I especially love the shape of the A-21-B: it's a bit wider and shorter than a traditional Pyrex lasagna pan, but the volume is virtually the same. I use mine mostly for baking lasagna and sweet rolls, but the shape and depth of the pan makes it extremely versatile for baking, roasting and broiling. It's also compact enough to fit into most standard microwaves. If you're looking for an large, all-purpose pan, this is one of the very best.
These A-21-B pans were made in a variety of patterns and you can sometimes find them in thrift stores. If you're in a rush, check eBay or Etsy. You can also sometimes find the French White F-21-B version, but it's less versatile as it sacrifices the convenient handles for a streamlined profile.
Blue Cornflower A-10-B
I love this dish. The low-profile, vertical sides and square design is perfect for evenly baking crisps, crumbles, gratins, cornbread, stuffing/dressing, mac and cheese, brownies and bars. It can also be fitted with a detachable handle, transforming it into a cooktop skillet. There is even a matching glass lid and various plastic covers, making this dish one of the most useful pieces of equipment in my kitchen.
What I love most is that I can do so much with just one dish: prepare a gratin, cover with the plastic lid and refrigerate until I'm ready to bake, then straight from the fridge to oven (minus the plastic lid), oven to table for serving and then back into the fridge with the plastic cover. And when I reheat the last of the leftovers, I can pop the dish straight into the microwave (no waiting for the dish to warm up). When the dish is empty, I can immediately soak (no waiting for the dish to cool down). Love it.
A-10-B dishes are fairly common in thrift stores, although the somewhat smaller and more sloped P-10-B is even more common. I've used both and prefer the A-10-B, but either would be a versatile addition to any kitchen.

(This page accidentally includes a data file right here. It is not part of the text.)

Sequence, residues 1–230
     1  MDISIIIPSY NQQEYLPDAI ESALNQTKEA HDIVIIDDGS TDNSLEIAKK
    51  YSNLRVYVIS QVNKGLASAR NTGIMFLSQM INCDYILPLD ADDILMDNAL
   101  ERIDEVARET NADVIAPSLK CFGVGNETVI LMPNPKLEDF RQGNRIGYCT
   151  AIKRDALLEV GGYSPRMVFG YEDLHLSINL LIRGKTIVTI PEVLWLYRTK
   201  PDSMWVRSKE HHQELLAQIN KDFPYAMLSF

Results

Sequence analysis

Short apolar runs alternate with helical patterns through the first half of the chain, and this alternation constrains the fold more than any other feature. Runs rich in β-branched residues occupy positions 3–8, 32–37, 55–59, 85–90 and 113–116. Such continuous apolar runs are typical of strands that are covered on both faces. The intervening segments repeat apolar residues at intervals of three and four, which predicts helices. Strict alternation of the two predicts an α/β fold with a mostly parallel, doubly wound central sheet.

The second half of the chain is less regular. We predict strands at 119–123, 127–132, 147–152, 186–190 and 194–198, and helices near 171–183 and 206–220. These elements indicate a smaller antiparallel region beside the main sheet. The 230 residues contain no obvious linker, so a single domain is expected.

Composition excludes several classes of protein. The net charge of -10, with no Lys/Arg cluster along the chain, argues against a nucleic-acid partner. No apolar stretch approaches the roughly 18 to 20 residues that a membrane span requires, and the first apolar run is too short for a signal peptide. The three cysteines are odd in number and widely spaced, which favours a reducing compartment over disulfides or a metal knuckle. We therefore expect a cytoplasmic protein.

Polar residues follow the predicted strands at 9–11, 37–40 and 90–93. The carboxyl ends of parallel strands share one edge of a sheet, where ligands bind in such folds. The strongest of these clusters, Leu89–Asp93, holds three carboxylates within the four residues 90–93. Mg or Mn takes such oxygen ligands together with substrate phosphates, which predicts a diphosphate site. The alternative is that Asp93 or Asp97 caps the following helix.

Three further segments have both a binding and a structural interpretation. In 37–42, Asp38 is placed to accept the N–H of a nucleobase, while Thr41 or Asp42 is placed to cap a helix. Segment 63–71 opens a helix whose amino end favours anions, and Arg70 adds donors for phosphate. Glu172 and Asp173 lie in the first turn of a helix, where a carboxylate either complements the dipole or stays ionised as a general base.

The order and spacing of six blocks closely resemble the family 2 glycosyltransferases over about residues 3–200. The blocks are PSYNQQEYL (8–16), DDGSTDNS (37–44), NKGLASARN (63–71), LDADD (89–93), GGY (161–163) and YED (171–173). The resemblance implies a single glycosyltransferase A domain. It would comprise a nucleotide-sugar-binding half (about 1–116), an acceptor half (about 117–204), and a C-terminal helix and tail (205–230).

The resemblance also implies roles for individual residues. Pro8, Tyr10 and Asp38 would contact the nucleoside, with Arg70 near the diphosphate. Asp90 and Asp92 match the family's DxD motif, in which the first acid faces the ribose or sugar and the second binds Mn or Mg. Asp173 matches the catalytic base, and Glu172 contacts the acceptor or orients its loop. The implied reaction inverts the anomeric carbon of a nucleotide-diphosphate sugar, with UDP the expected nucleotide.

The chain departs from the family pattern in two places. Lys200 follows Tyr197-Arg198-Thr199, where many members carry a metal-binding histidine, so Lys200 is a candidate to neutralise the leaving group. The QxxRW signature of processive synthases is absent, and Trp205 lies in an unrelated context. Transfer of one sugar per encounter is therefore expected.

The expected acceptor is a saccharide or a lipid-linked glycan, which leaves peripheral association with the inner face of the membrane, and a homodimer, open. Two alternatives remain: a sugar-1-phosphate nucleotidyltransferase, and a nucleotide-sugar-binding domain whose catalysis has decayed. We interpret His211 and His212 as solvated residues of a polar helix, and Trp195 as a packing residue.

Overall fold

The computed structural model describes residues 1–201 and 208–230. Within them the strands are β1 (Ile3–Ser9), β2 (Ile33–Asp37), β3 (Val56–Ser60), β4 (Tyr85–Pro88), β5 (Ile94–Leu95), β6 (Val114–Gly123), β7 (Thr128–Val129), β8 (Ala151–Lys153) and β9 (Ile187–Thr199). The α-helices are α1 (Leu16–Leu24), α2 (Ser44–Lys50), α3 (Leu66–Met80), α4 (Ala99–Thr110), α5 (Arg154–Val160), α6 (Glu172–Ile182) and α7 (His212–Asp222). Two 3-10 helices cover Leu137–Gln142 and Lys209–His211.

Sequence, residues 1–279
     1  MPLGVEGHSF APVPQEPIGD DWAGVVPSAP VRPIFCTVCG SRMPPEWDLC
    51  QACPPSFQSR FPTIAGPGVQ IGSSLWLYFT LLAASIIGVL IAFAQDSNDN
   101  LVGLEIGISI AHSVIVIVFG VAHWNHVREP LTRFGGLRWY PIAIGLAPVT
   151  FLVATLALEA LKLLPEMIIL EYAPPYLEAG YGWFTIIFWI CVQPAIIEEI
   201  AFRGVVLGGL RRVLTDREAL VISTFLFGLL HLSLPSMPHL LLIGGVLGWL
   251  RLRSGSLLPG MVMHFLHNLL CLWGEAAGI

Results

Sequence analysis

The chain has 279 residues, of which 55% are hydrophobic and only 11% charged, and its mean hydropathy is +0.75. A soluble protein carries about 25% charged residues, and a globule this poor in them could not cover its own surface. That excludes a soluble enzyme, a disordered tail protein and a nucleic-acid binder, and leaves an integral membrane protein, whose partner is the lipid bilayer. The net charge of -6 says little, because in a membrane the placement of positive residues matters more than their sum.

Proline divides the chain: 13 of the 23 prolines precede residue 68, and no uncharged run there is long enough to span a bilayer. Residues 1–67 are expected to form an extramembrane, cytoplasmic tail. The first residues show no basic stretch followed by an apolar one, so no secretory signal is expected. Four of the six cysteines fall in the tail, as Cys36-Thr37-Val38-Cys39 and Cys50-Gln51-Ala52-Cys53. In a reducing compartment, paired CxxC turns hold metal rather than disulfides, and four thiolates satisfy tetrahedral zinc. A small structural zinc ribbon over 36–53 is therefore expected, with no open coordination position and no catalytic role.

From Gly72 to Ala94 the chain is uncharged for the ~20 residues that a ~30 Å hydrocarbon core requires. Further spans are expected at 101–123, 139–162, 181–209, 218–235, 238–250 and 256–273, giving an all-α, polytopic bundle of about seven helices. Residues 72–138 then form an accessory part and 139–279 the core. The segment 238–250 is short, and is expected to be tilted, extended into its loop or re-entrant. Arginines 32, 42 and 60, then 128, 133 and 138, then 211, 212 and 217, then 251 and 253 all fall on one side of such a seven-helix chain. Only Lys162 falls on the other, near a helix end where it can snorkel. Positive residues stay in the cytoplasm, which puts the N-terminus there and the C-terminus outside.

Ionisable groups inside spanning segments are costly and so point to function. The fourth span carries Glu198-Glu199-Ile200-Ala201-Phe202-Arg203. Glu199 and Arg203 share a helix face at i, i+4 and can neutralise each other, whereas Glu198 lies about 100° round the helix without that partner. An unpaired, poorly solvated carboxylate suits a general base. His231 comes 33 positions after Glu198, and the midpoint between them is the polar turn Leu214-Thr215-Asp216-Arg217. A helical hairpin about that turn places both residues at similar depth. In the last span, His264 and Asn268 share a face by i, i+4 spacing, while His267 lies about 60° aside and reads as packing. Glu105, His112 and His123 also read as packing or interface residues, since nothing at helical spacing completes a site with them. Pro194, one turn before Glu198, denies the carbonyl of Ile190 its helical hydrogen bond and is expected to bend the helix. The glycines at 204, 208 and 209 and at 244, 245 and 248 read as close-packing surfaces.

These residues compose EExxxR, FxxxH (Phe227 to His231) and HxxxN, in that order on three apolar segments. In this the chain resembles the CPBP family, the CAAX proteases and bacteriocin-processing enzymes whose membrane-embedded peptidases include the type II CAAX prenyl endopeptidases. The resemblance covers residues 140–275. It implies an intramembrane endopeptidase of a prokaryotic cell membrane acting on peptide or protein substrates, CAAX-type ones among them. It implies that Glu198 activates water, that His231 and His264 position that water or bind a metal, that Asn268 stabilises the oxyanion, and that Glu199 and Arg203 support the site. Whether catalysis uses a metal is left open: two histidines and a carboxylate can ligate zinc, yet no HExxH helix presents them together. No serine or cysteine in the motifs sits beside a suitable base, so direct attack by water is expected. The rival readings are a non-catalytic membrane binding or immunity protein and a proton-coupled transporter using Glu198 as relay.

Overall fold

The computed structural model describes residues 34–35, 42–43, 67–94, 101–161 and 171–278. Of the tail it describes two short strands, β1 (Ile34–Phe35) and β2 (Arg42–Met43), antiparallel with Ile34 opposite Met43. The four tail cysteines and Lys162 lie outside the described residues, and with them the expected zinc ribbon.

Blue Cornflower P-35-B Broil, Bake Tray
If you've been paying close attention, you've seen me use these trays over and over again. At first, the design may seem a little obtuse compared to traditional baking sheets. But the odd design is precisely what makes these trays so useful.
Shorter and often narrower than traditional baking sheets, you can fit two of these trays side-by-side on same oven rack. How awesome is that? They're also extremely low-profile which makes them perfect for sliding under the broiler. The lack of sides guarantees maximum heat exposure and circulation around the food, and the funky drip edge is perfect for catching excess juice, preventing vegetables, squash and fruit from steaming (rather than roasting).
These trays are also a breeze to clean. As soon as they come out of the oven, just soak and scrub to remove any blackened bits, then pop right into the dishwasher. In fact, these are the only baking sheets I own that go into the dishwasher because my non-stick baking sheets really shouldn't go in and my aluminum sheet pans discolor in the dishwasher.
I use my P-35-B trays mostly for roasting bell peppers, butternut squash and pumpkin, but you could really roast or broil just about anything. I don't recommend using these to bake cookies (they heat and cool too slowly), but who am I to restrict your creativity?
I found both of my trays at local thrift stores, but they can be hard to find so I recommend checking eBay and Etsy.
To my great shock, I actually think vintage Corning Ware is making a comeback. I've received multiple emails from folks who've inherited pieces from their grandmothers and I've noticed a general creep in the price of Corning Ware on eBay and Etsy. Despite the sleek new designs and spiffy modern colors of the new stoneware hawked at local retailers, is it possible we would rather have something old and used? Something dated? Something plain and simple?
Or could it be that we really crave the indestructible and versatile? I don't know. But one thing is clear: as a growing fan-base for vintage pyroceram eagerly gobbles up the surviving Corning Ware, prices are likely to climb and locating your favorite pieces may become challenging. Or rather, more challenging.